I've watched all the special features on the new DVD release of Raging Bull. I was amazed by how much of the dialogue between Joe Pesci and Robert DeNiro was improvised. But not as amazed as I was by the real Jake LaMotta's enthusiastic cooperation not only with the making of the movie, but also with the documentaries. He really seems to like and respect the movie. Maybe I'm wrong, but to me that seems indicative of a great deal of maturation on his part. I mean, to enjoy this movie that lays bare his most vulnerable self as well as his most despicable--from portrayals of his violent paranoia and his grovelling self abuse in prison, it seems hardly the image the brutish champion fighter would want presented.

There was an eerie moment in the documentary that had shots of DeNiro in the movie delivering the On the Waterfront monologue inter-cut with shots of LaMotta performing the same monologue. LaMotta delivers it not like he's the character saying it but like he's a movie fan repeating lines that moved him deeply. As though he's saying, "You hear him? How he puts it? He coulda been a contender. He could've been somebody."

It made me think again about the relevance of that monologue in the movie. Obviously, unlike Brando's character, LaMotta in fact was a contender. More than that, a champion. I like to think that it means that to the truly passionate, the accomplishment of goals cannot ever truly be fulfilling.

Things must've really mellowed out after the events of the movie. LaMotta said he even went to the premiere with Vicky, his second wife played by Cathy Moriarty in the movie. He said that, when they came out of the movie, he asked Vicky if he was really that bad. She told him, "You were worse."

Tuesday, June 07, 2005

I actually drove my car yesterday. It started right up, even though I've not driven it since mid-December. I got an oil change and some gas and to-morrow I get the dratted brake lights fixed. Which shall be free, which is good, as the thirty dollars on oil and gas spent yesterday reminded me of one of the great things about not using a car. Which would be--not spending thirty dollars on intangible, practically frivolous things.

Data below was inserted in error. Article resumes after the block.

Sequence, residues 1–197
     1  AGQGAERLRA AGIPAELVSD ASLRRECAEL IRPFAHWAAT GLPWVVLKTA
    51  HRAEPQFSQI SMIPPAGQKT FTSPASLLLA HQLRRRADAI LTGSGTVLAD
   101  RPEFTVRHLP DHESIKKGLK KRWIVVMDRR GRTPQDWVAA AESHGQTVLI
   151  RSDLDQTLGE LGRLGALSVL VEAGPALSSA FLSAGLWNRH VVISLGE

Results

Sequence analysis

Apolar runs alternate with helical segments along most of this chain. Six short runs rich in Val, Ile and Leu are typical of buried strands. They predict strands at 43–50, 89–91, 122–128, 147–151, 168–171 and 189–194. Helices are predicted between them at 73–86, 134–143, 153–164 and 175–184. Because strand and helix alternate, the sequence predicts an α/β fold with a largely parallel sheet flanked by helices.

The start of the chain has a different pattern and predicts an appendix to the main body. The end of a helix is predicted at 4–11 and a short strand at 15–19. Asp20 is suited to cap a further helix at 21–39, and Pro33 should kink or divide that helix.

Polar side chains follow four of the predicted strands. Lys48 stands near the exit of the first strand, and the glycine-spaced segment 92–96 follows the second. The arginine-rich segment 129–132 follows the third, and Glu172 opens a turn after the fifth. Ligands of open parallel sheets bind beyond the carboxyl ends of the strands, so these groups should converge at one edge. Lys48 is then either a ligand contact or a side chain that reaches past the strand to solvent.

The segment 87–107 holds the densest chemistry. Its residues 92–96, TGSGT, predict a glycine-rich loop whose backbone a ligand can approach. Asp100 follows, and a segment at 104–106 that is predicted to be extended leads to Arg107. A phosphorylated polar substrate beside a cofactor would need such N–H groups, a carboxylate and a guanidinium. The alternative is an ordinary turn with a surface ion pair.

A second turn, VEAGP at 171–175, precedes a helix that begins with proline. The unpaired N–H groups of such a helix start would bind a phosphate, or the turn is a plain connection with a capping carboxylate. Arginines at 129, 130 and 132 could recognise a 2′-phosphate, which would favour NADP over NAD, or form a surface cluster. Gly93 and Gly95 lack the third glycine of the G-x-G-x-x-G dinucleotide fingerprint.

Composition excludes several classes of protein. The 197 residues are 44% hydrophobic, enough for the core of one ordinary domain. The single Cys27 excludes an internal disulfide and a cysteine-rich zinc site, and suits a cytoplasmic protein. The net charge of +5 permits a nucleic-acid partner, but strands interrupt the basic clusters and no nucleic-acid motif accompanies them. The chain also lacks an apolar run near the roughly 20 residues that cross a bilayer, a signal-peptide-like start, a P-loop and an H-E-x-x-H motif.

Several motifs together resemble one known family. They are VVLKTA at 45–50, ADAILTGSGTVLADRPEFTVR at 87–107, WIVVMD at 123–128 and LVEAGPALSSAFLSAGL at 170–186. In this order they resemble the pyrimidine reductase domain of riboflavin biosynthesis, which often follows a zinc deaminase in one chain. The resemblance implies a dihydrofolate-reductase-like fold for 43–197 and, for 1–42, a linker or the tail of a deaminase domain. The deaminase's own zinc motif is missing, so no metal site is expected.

But, gods, it's too easy . . . The route I took to get gas and return was maybe a five minute drive. It would have taken me half the day to walk it. I love the feeling. No wonder I used to casually drive to North County for a cup of coffee, or to La Jolla for a cinnamon roll.

I guess it'll be nice to able to get to La Jolla again. The trolley goes downtown, where, obviously, there're plenty of things available. But Tower Records is in La Jolla, as well as one of the few Landmark cinemas in town.

I really oughta start working on the new Boschen and Nesuko chapter. I have several rather complex plans for it, but I've learned my lesson about trying to write these things before I've had enough coffee. I used to try to write them early in the day, but the past several chapters, I've made sure it was well after I've had at least three coffees.

Ugh, I don't wanna get up early to-morrow. Stupid car. I hope it grows legs with expensive shoes and spats and starts laughing furiously about land deals while puffing a big cigar. I hope it then falls over on its ragged mattress and realises that those gay nights are but a dream of yesterday, and to-day is the mouldy walls of plaster all round. Then maybe my car will have learned something and will come back to me with sense and a willingness to cooperate and run without gas.

Oh, I'm sorry, car, that was harsh of me. You're doing your best, you've taken me over very long, lethargic distances. Gods, crossing a thousand miles is only slightly more difficult than sleeping. It's unfortunate somehow.